Bedford Park and the Lindley Connection

by Kathryn Bridge, Brentford & Chiswick Local HIstory Journal 14 (2005)

In February 1860 an exhausted, nervous, but elated mother and her three very young daughters stepped off the sailing vessel, Athelstan, after a five-month long voyage, to begin a new life in the colony of Vancouver Island on the Pacific coast of North America. Her name was Sarah Crease and she was the eldest daughter of world renowned botanist, Dr John Lindley and his wife, Sarah (née Freestone). She grew up in a large Georgian house just outside London, set in a large expanse of garden, where Bedford Park is today. By all accounts she had a privileged but modest upbringing. The story of how this woman came to leave England is one of misfortune, scandal, financial ruin, but also of redeeming love and loyalty.

My interest in the Lindley family began in British Columbia, where I live. While at university I worked for several summers at the Province’s Archives and it was there that I first read some of the many, many letters written by Sarah Crease (née Lindley) and saw the hundreds of sketches and watercolour drawings she created. The records of Sarah Crease (and those of her children, husband, parents, and grandparents) comprise the largest collection of family archival records in western Canada. The Creases were incredible packrats, saving everything. The sheer volume of letters, diaries, photographs, and sketchbooks document four generations, and reveal much about life in England before she emigrated. Sarah Crease was an evocative and passionate correspondent, and a skilled artist; before long, I was hooked, wanting to learn who she was and why she ended up so far away from her birthplace. I channelled my inquisitive impulses into a Masters thesis, and many years later, a book.

Bedford House probably, sketched by Henry Crease in the 1850s. It shows the broad sweep of the carriageway leading from the common to the front entra ce. The garden, tightly packed with perennials, shrubs and exotic specimens, is overblown and magnificent, befitting a botanist of Lindley's inclinations (BC Archives pdp 4541)

Bedford House probably, sketched by Henry Crease in the 1850s. It shows the broad sweep of the carriageway leading from the common to the front entra ce. The garden, tightly packed with perennials, shrubs and exotic specimens, is overblown and magnificent, befitting a botanist of Lindley’s inclinations (BC Archives pdp 4541)

But it was only in March last year, after a decade’s worth of correspondence with local Bedford Park historians and Lindleyphiles, that I was fortunate to visit the Lindley neighbourhood and see for myself the childhood home of Sarah Lindley Crease. I was blessed with good weather and enthusiastic companions as I walked and absorbed, trying to recreate in my mind’s eye this area that the Lindleys referred to variously as Turnham Green or Acton Green in the age before the railway line which today splits the common.

The childhood home, as many readers will know, is still standing and largely intact – albeit obscured by shops and divided into flats – at the corner of The Avenue and South Parade. This large Georgian house (later known as Bedford House) sits next door to Melbourne House which was once also occupied by the Lindley family. The Lindleys moved to Acton in 1824, the year daughter Sarah was born. John Lindley had been appointed assistant secretary of the Horticultural Society with duties at the office at Regent Street but also in the Society’s Chiswick garden. The family first occupied Melbourne house, but as the family expanded (son Nathaniel and daughter Barbara, nicknamed Dunny), more space was required, and the larger house next door was purchased in 1836. This is the house that figures in Sarah’s childhood, and the house to which she returned with her three young children in 1857 when her husband ‘ran into difficulties’.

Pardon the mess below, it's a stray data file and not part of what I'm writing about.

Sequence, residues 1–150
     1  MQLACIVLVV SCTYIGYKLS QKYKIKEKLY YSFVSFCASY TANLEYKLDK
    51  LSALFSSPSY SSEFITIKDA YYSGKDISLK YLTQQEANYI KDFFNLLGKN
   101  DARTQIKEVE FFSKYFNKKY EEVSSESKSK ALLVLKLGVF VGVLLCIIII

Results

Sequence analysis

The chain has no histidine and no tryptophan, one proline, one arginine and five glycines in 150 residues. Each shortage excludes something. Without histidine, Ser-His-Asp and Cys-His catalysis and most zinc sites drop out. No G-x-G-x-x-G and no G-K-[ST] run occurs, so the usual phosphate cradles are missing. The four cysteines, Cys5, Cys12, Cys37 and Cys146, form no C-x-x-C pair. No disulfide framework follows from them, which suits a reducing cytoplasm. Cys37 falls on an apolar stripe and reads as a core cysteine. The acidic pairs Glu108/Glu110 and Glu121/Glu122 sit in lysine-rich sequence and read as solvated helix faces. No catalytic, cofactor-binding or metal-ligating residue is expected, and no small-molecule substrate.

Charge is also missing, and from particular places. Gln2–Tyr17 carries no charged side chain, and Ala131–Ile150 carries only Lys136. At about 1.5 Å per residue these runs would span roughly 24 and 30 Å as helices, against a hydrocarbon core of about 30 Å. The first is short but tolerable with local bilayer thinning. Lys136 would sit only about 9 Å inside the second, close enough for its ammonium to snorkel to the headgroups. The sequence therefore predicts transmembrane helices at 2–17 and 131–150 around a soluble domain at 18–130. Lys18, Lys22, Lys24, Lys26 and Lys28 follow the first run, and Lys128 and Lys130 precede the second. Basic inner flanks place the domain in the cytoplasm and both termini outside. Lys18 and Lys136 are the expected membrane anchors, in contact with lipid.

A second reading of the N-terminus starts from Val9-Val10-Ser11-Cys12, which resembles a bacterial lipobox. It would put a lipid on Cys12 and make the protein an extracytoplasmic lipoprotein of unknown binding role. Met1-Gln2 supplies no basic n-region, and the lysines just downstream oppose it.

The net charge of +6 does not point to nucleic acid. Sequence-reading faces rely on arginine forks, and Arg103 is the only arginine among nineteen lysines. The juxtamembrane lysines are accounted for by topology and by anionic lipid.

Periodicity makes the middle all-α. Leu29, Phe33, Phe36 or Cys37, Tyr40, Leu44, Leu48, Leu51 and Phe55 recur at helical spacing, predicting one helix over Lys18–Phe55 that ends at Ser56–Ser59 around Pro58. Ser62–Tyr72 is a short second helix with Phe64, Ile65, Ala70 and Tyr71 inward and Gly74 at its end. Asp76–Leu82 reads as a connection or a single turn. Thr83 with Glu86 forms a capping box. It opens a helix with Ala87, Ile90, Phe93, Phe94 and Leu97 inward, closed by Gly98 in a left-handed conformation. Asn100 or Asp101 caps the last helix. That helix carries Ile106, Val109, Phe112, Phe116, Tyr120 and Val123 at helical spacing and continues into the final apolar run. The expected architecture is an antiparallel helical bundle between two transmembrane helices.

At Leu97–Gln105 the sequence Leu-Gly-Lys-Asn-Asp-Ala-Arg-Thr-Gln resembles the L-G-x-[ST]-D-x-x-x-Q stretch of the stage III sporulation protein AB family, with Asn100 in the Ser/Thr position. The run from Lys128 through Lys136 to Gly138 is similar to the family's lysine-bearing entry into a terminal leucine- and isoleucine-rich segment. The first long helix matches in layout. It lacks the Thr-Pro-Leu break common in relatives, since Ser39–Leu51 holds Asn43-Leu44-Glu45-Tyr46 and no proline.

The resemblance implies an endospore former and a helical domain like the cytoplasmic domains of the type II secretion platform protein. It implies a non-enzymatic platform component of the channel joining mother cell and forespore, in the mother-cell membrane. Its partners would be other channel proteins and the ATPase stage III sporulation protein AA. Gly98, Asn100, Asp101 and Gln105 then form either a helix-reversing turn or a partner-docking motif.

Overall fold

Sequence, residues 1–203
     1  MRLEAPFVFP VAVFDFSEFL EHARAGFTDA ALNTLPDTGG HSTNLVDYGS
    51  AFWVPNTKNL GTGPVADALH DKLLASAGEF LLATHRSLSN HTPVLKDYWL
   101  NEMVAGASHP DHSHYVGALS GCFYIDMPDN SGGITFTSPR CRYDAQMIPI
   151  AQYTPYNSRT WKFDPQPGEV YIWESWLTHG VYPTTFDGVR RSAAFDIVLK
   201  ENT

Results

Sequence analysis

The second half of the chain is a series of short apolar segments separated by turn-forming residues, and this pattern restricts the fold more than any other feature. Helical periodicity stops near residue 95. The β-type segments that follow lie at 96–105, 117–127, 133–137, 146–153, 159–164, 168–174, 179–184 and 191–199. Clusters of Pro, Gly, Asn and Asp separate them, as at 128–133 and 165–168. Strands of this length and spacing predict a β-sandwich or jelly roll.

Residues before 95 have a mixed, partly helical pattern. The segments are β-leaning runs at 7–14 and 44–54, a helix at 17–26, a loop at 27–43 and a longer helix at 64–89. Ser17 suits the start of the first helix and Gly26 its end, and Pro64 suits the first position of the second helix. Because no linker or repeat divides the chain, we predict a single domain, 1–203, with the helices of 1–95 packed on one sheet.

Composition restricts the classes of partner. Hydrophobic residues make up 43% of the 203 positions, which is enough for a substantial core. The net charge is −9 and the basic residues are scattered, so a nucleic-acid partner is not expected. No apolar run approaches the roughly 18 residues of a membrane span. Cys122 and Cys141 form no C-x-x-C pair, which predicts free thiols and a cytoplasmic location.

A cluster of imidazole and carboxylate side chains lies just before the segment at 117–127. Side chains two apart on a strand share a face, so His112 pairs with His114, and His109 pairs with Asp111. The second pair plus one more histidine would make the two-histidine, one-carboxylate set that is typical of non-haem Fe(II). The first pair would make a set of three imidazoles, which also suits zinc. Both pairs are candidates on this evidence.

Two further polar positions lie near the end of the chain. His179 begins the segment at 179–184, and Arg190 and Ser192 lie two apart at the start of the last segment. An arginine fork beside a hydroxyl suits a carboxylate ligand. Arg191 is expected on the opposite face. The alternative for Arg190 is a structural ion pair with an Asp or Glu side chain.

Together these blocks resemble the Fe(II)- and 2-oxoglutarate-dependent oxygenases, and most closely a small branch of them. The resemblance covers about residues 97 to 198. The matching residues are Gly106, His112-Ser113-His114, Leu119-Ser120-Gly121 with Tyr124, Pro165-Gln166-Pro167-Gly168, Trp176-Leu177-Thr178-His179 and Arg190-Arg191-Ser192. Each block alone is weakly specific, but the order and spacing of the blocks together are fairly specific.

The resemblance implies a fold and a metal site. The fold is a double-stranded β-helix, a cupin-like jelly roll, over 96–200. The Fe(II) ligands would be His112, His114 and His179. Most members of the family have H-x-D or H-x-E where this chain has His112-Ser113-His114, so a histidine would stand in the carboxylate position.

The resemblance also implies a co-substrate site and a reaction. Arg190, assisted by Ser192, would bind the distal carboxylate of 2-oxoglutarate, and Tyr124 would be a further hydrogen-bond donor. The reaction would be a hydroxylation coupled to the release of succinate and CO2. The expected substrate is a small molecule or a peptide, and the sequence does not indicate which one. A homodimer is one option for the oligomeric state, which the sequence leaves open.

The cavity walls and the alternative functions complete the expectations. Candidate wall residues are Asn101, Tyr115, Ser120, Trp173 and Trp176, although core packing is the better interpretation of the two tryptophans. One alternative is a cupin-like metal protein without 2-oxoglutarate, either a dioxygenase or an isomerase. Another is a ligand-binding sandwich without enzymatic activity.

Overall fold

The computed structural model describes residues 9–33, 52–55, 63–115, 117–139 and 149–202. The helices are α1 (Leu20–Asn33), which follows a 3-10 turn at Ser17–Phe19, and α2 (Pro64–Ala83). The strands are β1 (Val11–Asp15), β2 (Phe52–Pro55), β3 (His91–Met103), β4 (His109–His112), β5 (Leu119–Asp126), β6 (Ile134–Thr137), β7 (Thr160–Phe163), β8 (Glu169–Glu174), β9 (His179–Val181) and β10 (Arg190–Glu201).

This was the house in which Lindley established his herbarium and library and where he wrote many of his articles and monographs. It was here also that he hosted colleagues and friends including botanical luminaries: Joseph Hooker, George Bentham and Joseph Paxton. In the gardens he planted botanical specimens and conducted growing experiments. Lindley laid out the gardens, and with the long suffering gardener Harrington, moved and replanted with some frequency to suit. The gardens comprised several acres including a semi-circular carriageway in the front of the house leading from Acton Green, curving through large trees and formal gardens. Kitchen and vegetable plots faced the rear of the house as did cold frames which nestled up against the sunny walls. A wide expanse of grass led away from the house towards a less structured wild garden and winding pathways of secluded benches and secret play areas. This was Dunnyland, a special place for all the Lindley children. Beyond its fences lay pasture. The Lindley grounds were a wonderful place for the children who ran wild among the trees and shrubs, practised archery, and played all manner of imaginary games.